Kaspersky builds its own antimalware OS -- but not for you
The operating system is meant to protect industrial systems from cyberattack by preventing any third-party code from executing.
The folks at Kaspersky Lab are aiming to create their own secure operating system, but this one would run on industrial systems rather than your average home PC.
In blog posted today, company CEO Eugene Kaspersky confirmed the rumors of a new OS, describing the background behind the effort and hinting at the development process.
Cyberattacks present a growing and challenging problem for industries maintaining systems that must be powered on all the time. If a virus affects a computer at most companies, that computer can be unplugged from the network so as not to infect other devices, Kaspersky said. But industrial control systems (ICS) hit by malware can't be brought down since they're usually managing critical operations or infrastructure that can't be taken offline.
Companies that maintain ICS are forced to try to patch them on the fly in the event of a malware attack, a process usually easier said than done.
Instead, Kaspersky suggests that the solution lies in a secure operating system, one in which ICS can be installed. Such an OS could help ensure that industrial systems stay healthy and that the data generated is reliable.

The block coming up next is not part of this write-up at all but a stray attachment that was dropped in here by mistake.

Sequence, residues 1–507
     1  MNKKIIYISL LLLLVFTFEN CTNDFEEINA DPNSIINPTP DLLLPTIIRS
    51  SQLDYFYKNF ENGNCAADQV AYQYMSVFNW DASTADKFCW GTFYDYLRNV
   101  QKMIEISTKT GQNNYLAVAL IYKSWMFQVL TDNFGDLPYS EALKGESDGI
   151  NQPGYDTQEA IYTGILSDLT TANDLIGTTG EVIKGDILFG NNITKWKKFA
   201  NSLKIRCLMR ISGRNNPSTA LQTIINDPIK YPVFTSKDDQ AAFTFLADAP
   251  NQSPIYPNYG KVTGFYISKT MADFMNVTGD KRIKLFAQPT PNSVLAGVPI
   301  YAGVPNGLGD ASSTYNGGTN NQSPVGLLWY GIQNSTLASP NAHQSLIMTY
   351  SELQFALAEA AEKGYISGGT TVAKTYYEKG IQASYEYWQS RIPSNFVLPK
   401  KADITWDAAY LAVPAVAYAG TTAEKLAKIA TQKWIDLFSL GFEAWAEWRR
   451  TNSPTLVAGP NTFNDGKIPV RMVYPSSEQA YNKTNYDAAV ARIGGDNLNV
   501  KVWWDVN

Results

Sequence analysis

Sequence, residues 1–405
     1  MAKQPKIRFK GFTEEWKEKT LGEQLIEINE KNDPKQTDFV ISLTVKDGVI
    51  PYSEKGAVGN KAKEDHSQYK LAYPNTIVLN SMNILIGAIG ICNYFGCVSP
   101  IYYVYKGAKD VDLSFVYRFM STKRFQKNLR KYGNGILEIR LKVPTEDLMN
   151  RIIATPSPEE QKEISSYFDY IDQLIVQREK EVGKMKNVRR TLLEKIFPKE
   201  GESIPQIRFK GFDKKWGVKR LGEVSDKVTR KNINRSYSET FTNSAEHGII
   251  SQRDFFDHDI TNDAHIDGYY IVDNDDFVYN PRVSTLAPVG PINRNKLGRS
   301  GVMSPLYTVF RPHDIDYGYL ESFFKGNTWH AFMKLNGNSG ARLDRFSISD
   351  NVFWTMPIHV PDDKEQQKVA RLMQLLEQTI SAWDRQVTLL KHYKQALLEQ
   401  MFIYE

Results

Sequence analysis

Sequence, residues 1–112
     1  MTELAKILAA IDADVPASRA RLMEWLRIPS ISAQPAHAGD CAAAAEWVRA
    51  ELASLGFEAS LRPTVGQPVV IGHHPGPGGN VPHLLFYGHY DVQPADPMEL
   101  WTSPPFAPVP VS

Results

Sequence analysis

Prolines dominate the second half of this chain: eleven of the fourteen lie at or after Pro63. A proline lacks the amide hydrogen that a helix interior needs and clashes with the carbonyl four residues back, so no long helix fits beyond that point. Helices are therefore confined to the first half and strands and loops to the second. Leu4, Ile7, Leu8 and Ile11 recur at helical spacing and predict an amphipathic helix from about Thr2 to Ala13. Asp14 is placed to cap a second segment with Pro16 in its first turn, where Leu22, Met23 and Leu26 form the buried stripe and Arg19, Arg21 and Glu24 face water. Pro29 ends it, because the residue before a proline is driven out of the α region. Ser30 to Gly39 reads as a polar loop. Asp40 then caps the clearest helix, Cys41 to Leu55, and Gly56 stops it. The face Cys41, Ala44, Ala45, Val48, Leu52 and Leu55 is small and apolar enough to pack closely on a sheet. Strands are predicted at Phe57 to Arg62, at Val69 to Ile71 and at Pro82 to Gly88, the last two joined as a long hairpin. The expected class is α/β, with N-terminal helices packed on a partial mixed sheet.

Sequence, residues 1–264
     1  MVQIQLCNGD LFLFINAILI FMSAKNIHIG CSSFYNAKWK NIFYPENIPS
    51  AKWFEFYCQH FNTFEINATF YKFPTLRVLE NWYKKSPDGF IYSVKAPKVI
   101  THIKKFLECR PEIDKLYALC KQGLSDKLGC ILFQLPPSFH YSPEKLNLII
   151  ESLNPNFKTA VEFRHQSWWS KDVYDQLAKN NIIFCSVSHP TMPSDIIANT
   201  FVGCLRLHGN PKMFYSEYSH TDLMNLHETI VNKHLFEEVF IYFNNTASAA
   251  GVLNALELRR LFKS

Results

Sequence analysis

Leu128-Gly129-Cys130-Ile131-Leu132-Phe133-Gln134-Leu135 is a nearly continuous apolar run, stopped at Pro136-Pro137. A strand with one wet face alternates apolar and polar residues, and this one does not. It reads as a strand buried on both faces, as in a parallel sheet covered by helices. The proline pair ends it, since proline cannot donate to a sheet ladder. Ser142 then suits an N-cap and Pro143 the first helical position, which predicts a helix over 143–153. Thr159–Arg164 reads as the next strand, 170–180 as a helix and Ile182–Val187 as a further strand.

But how would such an OS provide the necessary security if Microsoft, Apple, and others can't secure their own operating systems, asks Kaspersky.
That type of security is possible specifically because the OS would be geared toward industrial systems and not traditional PCs.
"First, our system is highly tailored, developed for solving a specific narrow task, and not intended for playing Half-Life on, editing your vacation videos, or blathering on social media," Kaspersky explained.
Next, the operating system would stop any unauthorized code or applications from the get-go.
"This is the important bit: the impossibility of executing third-party code, or of breaking into the system or running unauthorized applications on our OS," Kaspersky added, "and this is both provable and testable."
Though Kaspersky feels the OS is doable, he did refer to its development as a "sophisticated project" since it requires working with industrial companies. And since the project is just getting off the ground, he declined to reveal any specific information at this point. But certain details about the secure OS are described in a document about its development.
With cyberattacks on the rise and industrial systems increasingly vulnerable, Kaspersky's approach seems like a viable solution. We'll just have to see if the company can pull it off.